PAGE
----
Emma Wolfe ’01 Is Back at Barnard

Meet the College’s Associate Vice President for External Relations and Leadership Development

By Mary Cunningham

Emma Wolfe Athena EIR

Emma Wolfe ’01, who first walked through Barnard’s gates as a new student in 1997, has returned to the College after more than two decades working in activism and city government — including 12 years with Bill de Blasio during his tenure as NYC’s public advocate and then mayor. In her role as the Associate Vice President for External Relations and Leadership Development, she will enhance Barnard’s relationships with government officials and expand leadership development opportunities for students, staff, and faculty.

Wolfe filled us in on her time at Barnard and what it means to participate in community activism.  

How did your studies at Barnard inform your career? 
I was in the Urban Studies Program, and it was this great mix of learning how cities worked, the histories of them, and interesting research. In our coursework, we got assignments that forced us out into neighborhoods where we interacted with New Yorkers from all walks of life. The program was a direct pipeline to the work I would end up doing. It really opened my eyes to the different ways that people impact change in urban environments. Once you get a dose of that, it’s incredibly compelling, and I didn’t want to let it go.

What does leadership development look like on a granular level?
It’s thinking about how to move people into leadership roles. To have any kind of functional organization, people have to step up in all kinds of ways. Organizing is not just the things that people often associate it with, like going door to door and getting petitions signed or standing up with a bullhorn. Some of the best organizers I’ve ever met have a real keen sense of how to build a team who can really feel like they’re growing and maximizing themselves. That’s leadership.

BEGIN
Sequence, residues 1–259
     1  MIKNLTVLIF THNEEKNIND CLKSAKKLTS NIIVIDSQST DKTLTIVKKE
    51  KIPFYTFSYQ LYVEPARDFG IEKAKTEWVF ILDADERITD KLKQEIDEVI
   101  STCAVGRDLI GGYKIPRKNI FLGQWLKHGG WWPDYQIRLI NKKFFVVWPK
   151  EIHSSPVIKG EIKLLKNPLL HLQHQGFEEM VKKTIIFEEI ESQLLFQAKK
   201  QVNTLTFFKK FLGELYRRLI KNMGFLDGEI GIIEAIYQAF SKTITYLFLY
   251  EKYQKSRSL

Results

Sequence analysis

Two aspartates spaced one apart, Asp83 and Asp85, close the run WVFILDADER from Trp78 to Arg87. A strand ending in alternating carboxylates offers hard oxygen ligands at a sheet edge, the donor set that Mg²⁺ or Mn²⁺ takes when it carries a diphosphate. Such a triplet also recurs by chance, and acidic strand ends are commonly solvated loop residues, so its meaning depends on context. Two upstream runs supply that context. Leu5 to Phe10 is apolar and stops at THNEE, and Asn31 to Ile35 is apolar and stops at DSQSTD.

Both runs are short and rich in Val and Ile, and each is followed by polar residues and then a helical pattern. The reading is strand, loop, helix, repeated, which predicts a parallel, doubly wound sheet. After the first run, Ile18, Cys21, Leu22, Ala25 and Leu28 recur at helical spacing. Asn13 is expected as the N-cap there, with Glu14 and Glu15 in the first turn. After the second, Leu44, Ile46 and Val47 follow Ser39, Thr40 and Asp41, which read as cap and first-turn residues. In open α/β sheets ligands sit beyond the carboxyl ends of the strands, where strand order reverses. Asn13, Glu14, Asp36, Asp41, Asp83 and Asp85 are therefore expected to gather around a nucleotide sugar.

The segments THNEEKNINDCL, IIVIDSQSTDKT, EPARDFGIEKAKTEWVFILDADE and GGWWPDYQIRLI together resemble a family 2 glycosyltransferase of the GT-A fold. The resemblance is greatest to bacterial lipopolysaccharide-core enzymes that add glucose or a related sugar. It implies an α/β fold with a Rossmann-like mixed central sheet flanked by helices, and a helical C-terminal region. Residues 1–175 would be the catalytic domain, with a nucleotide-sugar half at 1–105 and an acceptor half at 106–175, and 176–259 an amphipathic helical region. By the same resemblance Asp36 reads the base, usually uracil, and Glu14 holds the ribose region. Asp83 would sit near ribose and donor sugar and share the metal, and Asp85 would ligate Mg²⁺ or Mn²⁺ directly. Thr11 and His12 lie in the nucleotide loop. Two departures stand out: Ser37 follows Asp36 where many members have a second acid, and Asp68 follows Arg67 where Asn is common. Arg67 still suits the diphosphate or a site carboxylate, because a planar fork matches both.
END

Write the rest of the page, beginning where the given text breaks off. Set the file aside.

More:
Why is it important for Barnard to cultivate relationships with the New York City community?
New York City is a rich place for policymaking and for innovation. There’s such an opportunity for impact. There are people and places in the public and the private sector, plus effective nonprofit organizations and grassroots, that make up the fabric of the city. If we can connect the work that’s happening there with the desire for activism and service here at Barnard, it’s a win-win.

Any advice for students interested in community organizing or politics?
I think it’s important to understand that there are different ways to make change. Students shouldn’t feel like they are pigeonholed into social or public-facing roles. Nowadays, there’s this association with politics and organizing with speaking truth to power. That has a place, but it is one very distinctive place. And if that is not something that you vibe with, that doesn’t mean you cannot contribute. You can do research, you can start up your own company, you can work in public service, you can volunteer, you can organize behind the scenes. The beauty of creating change in New York is there are a million ways to do it.   

Latest IssueFall 2022